I’m aware that a noodle dish that is not fried in a wok on the stove is not technically a stir-fry, but let’s not be pedantic. When I want to make a quick noodle-based dinner with whatever is left in my fridge, I now go straight to the Instant Pot. I use this as my base recipe and throw in whatever veggies and protein I have on hand. You are reading that recipe correctly: It cooks the noodles and raw chicken and sauce all in 3 minutes. Three minutes, people. Tell me we’re not living in the future. —Kate Bernot

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Cooking rice

Cooking rice

Illustration for article titled 8 foods that we, non–Instant Pot obsessives, cook in our Instant Pots regularly [Updated]
Photo: JacquesPALUT (iStock)

Cooking rice

I never mastered rice. I tend to forget it’s on my stove as I prep other items, and am rewarded with a layer of stuck-on rice goo that takes hours of soaking to remove. The Instant Pot makes foolproof rice because you set it and forget it. It put the classic, unitasking rice cooker to shame. —Kate Bernot

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Making stock

Making stock

Illustration for article titled 8 foods that we, non–Instant Pot obsessives, cook in our Instant Pots regularly [Updated]
Photo: Photosiber (iStock)

Making stock

Using the bones of a rotisserie chicken, I made some stock and, next to my regular stovetop version, it is next-level. Cooking it for just 40 minutes on high pressure pulverized the chicken bones, releasing their collagen or marrow or whatever it is that gives homemade stock that silky, rich texture. As I strained out the crumbled, decimated bones, I knew all their goodness was now deliciously flavoring what became a truly exceptional bowl of chicken noodle soup. —Allison Robicelli

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Caramelizing onions

Caramelizing onions

Illustration for article titled 8 foods that we, non–Instant Pot obsessives, cook in our Instant Pots regularly [Updated]
Photo: AdeFinlay (iStock)

Caramelizing onions

The Instant Pot is a kitchen’s fast forward button, allowing you to zoom ahead at certain points in the cooking process instead of standing and stirring for a long, long time. Caramelized onions are one of those foods that I would eat all the time if it weren’t for the laborious process of making them, and thanks to a clever Instant Pot hack, there’s now always a jar of them in my fridge to use on salads, bowls, hot dogs, and sandwiches. The Instant Pot also makes it possible to make an ultra-comforting French onion lentil soup without hovering over the stove, and it gets it done in less time than it takes to watch two episodes of The Office. —Allison Robicelli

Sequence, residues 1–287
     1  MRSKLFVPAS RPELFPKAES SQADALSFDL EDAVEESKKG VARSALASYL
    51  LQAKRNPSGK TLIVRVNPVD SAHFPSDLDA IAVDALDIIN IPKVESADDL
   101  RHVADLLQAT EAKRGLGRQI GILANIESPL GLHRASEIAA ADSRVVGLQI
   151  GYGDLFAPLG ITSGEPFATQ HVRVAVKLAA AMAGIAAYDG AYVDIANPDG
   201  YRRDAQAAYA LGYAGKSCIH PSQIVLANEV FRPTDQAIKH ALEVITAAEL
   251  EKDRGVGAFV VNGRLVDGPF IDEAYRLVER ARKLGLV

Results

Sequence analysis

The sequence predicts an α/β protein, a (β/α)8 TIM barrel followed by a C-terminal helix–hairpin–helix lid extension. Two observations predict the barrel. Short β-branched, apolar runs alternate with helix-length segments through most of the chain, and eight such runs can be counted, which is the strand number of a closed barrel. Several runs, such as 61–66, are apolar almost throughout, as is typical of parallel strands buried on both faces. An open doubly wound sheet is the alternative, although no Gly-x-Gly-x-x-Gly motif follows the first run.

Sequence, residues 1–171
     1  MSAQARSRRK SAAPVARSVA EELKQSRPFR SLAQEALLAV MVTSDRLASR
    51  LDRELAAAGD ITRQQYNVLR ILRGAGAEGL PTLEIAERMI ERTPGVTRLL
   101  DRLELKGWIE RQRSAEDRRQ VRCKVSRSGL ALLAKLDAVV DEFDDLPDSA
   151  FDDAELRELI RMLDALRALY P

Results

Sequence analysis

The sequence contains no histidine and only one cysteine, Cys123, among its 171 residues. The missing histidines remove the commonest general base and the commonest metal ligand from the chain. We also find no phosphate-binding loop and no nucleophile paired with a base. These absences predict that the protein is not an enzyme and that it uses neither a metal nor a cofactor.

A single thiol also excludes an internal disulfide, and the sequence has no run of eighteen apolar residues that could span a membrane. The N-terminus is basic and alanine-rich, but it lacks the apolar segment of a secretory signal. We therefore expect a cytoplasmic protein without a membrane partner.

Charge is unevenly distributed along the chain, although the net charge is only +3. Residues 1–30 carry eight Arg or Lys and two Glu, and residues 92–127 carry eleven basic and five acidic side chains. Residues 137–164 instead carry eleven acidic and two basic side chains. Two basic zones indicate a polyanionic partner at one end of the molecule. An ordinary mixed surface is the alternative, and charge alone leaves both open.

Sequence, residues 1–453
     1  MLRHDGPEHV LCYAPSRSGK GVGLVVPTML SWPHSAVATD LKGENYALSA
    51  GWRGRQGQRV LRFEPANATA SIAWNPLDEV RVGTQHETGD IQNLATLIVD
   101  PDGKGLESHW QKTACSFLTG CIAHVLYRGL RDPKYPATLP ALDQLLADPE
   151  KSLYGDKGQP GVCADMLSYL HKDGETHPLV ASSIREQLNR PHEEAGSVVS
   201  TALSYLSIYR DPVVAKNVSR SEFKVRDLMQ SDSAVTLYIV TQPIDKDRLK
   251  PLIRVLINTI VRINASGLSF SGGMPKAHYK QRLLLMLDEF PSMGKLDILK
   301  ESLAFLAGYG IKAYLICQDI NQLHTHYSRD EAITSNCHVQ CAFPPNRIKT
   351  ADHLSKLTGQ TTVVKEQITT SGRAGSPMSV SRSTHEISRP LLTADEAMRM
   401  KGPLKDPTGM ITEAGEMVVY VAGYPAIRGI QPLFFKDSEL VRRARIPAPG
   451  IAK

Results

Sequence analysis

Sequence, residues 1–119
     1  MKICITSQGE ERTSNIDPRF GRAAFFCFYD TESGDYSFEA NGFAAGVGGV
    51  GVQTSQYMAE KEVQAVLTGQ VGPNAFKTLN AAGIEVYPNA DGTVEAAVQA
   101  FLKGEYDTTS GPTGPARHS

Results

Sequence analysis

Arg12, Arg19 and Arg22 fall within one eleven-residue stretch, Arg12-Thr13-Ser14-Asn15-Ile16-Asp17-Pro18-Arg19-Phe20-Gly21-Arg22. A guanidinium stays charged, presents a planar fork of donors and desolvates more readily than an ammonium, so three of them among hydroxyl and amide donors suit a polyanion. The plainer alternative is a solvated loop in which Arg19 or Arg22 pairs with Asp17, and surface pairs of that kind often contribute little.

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Braising meats

Braising meats

Illustration for article titled 8 foods that we, non–Instant Pot obsessives, cook in our Instant Pots regularly [Updated]
Photo: Allison Robicelli

Braising meats

There’s no shortage of Instant Pot recipes for classic, fully composed braised dishes like pot roasts and butter chicken, but you can also cook meat in the Instant Pot to use as a component in other dishes, allowing you to use cheaper and, let’s be honest, more flavorful cuts of meat while shaving hours off your cooking time. Take, for example, this beef Wellington pot pie, which exchanges the traditional lean tenderloin for succulent succulent short ribs, and helps put the normally special-occasion-only dish on your kitchen table in less than two hours. —Allison Robicelli

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Illustration for article titled 8 foods that we, non–Instant Pot obsessives, cook in our Instant Pots regularly [Updated]
Photo: Gregory Rec/Portland Press Herald (Getty Images)

So if you’re on the fence about the Instant Pot, it’s worthwhile if you want to combine a slow cooker with the option of speeding up certain weeknight tasks. Of course if I’m making beets for a Thanksgiving side, I’m still going to roast them in the oven. But on a weeknight when I’ve worked late and the dog wants to be walked and the laundry needs washing and I told myself I’d make it to the gym, too—yeah, I’ll go for the 15-minute version.

Does this convenience inspire me to declare myself “addicted” to the device or scream its praises on the internet? Well, I guess it did the latter. —Kate Bernot

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Kate Bernot is a freelance writer and a certified beer judge. She was previously managing editor at The Takeout.

Allison Robicelli is The Takeout staff writer, a former professional chef, author of three books, and The People's Hot Pocket Princess. Questions about recipes/need cooking advice? Tweet @Robicellis.